David Lynch is a man of good questions, not definitive answers. Here is a book that respects that:
I had a lovely time at Polly Toynbee and Tim Dowling’s Guardian Masterclass: Writing Opinion Pieces yesterday evening. A central common point stressed by the political and personal columnists was in praise of deadlines; not much gets done unless (sometimes until) it has to.
Tim’s weekend column for the Guardian is the main reason I and at least one member of my family bother to text each other regularly (“Have you seen what the tortoise has done now?”). So, as a perfect exercise in deadlines, I challenged myself and Tim’s self-effacement about how much of an effect he has on his audience, by writing my first-ever sonnet in twenty-four hours. You don’t have to be a Star Trek fan to read it – but it helps.
There’s been no truer or more constant love,
None deeper shared, by all agreed upon
Than our home’s for your tortoise, squirrel, wife
And children in Saturday’s Guardian.
You stand, not unlike John de Lancie when
He Q in Star Trek was (manlier e’en
Than Picard although not yet half so bald)
Inviting us to seek our voice in our opinions.
That, and a deadline – and a line too good
To pass up through politeness – is the trick
If trick there is (There isn’t, less it be
Impending deadline. Alright, fair enough).
No greater gift than deadlines writers move:
It’s why I wrote a sonnet on the tube.
One afternoon last week I was at my mum’s flat, helping clear out cupboards of soft toys, Sylvanian Families and boardgames that – having left home a decade before – I felt just about ready to think about parting with at some of. In one of the cupboards was a box of cards and letters spanning my early childhood in Greenford and teenage years in Ealing. Among this box of treasure spanning the cripplingly embarrassing to the almost forgotten, was a letter written to Mum by the deputy head of Coston School, where I was a primary and secondary pupil.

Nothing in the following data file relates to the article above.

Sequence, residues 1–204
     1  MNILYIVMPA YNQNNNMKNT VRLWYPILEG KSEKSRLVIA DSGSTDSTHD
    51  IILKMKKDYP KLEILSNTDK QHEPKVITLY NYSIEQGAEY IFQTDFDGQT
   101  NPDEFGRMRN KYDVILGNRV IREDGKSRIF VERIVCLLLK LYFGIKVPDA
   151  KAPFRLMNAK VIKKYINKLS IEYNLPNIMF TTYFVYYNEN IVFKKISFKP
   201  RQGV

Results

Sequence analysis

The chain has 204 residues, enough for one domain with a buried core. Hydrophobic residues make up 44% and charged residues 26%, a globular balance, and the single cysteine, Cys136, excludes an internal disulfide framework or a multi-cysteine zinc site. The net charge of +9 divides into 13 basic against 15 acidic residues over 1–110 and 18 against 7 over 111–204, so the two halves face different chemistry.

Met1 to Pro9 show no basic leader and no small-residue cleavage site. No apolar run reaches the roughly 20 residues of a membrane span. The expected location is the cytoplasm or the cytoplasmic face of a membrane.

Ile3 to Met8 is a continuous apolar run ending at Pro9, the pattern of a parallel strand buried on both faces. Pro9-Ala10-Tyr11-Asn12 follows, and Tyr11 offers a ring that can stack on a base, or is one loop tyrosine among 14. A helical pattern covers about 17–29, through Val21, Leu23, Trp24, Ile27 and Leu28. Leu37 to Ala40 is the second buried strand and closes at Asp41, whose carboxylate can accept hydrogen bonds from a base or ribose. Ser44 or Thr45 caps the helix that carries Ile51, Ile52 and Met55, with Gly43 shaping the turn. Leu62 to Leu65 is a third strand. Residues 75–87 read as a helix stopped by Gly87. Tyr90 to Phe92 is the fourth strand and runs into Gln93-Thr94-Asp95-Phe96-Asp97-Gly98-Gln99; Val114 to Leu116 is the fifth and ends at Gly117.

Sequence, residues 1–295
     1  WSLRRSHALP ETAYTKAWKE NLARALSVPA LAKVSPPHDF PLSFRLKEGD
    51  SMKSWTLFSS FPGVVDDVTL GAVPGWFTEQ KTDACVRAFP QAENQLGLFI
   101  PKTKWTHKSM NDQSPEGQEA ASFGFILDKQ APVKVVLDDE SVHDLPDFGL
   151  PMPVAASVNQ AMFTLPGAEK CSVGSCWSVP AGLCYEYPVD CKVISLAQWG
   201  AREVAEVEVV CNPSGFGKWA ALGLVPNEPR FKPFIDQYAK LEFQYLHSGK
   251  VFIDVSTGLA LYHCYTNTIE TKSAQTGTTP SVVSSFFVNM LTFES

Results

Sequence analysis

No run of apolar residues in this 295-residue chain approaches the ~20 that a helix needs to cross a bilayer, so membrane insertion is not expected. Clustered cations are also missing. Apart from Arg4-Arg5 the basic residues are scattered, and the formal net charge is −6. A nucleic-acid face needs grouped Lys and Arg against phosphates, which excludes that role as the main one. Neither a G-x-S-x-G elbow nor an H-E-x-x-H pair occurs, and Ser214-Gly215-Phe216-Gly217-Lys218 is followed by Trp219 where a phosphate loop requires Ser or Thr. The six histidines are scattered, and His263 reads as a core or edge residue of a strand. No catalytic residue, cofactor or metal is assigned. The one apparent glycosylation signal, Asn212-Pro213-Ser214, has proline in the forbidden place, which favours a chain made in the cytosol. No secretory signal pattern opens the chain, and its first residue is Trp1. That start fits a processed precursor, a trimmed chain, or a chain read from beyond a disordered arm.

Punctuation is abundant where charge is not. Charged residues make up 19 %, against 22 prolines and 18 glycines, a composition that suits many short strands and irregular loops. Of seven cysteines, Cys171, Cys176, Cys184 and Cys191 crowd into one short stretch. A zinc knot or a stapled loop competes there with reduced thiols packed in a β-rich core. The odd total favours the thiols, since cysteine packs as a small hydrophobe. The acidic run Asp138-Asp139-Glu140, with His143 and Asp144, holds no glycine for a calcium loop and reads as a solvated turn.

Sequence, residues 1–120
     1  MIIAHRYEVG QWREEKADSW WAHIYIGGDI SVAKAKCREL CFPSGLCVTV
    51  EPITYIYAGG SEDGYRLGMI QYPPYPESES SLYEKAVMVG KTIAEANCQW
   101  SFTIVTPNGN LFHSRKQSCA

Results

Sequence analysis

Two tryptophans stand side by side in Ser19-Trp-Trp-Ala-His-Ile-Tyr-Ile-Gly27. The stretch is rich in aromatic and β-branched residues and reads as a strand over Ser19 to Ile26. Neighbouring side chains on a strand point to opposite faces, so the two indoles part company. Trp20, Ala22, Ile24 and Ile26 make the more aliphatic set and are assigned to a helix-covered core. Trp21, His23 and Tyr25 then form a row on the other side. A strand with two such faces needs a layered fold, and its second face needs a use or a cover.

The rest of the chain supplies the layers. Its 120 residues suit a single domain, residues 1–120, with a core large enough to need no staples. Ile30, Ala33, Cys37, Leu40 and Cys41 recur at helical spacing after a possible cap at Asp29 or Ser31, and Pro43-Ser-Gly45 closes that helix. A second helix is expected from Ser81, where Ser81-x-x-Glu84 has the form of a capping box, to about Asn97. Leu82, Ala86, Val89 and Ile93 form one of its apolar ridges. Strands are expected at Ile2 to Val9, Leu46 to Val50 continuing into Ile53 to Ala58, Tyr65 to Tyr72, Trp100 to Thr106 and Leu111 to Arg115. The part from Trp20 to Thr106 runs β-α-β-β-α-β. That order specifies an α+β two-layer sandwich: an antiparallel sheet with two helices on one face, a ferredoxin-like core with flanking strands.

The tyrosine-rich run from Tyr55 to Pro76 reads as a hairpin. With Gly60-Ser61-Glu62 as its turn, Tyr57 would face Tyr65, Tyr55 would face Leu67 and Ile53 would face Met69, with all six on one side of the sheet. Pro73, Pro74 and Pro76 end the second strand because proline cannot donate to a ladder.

I hadn’t known Mrs Stapells well – I’d been too shy to know many people well, particularly those I looked up to. But Mrs Stapells was the kind of teacher I knew even then I wanted to become. The kind that ‘got’ how important teaching was, doing it with a sense of performance and celebration. Her letter is addressed to my mum is what it says:
Every so often something happens in teaching which helps me remember (when I’m feeling a bit jaded!) why I do it.
There have been several special things that have happened over the years which I remember with a mixture of emotions – sorrow, elation, pride, even. There have also been many poignant moments.
Today’s Special Moment occurred right in the middle of the “Hannukah, Holiday” song. It was the slow bit in the music referring to the miracle of the oil burning for so many nights.
I looked at the stage and the last of the candles of the menorah was being lit. The combination of the lovely music, the candlelight and shadows on Rachel and Susannah’s faces and their wonderful expressions was so beautiful I was spell-bound. I think I continued to wave the baton and lead the song on, because somehow we were “spinning the dreidel”. Then the curtains closed.
That one picture, however, was fixed in my mind. I just wish you could have been there to see it all for yourself. I felt I had to write and tell you about it partly because you missed seeing Rachel do something which must have made her feel nervous yet which she did so calmly and sensible, and partly because I was so moved by it.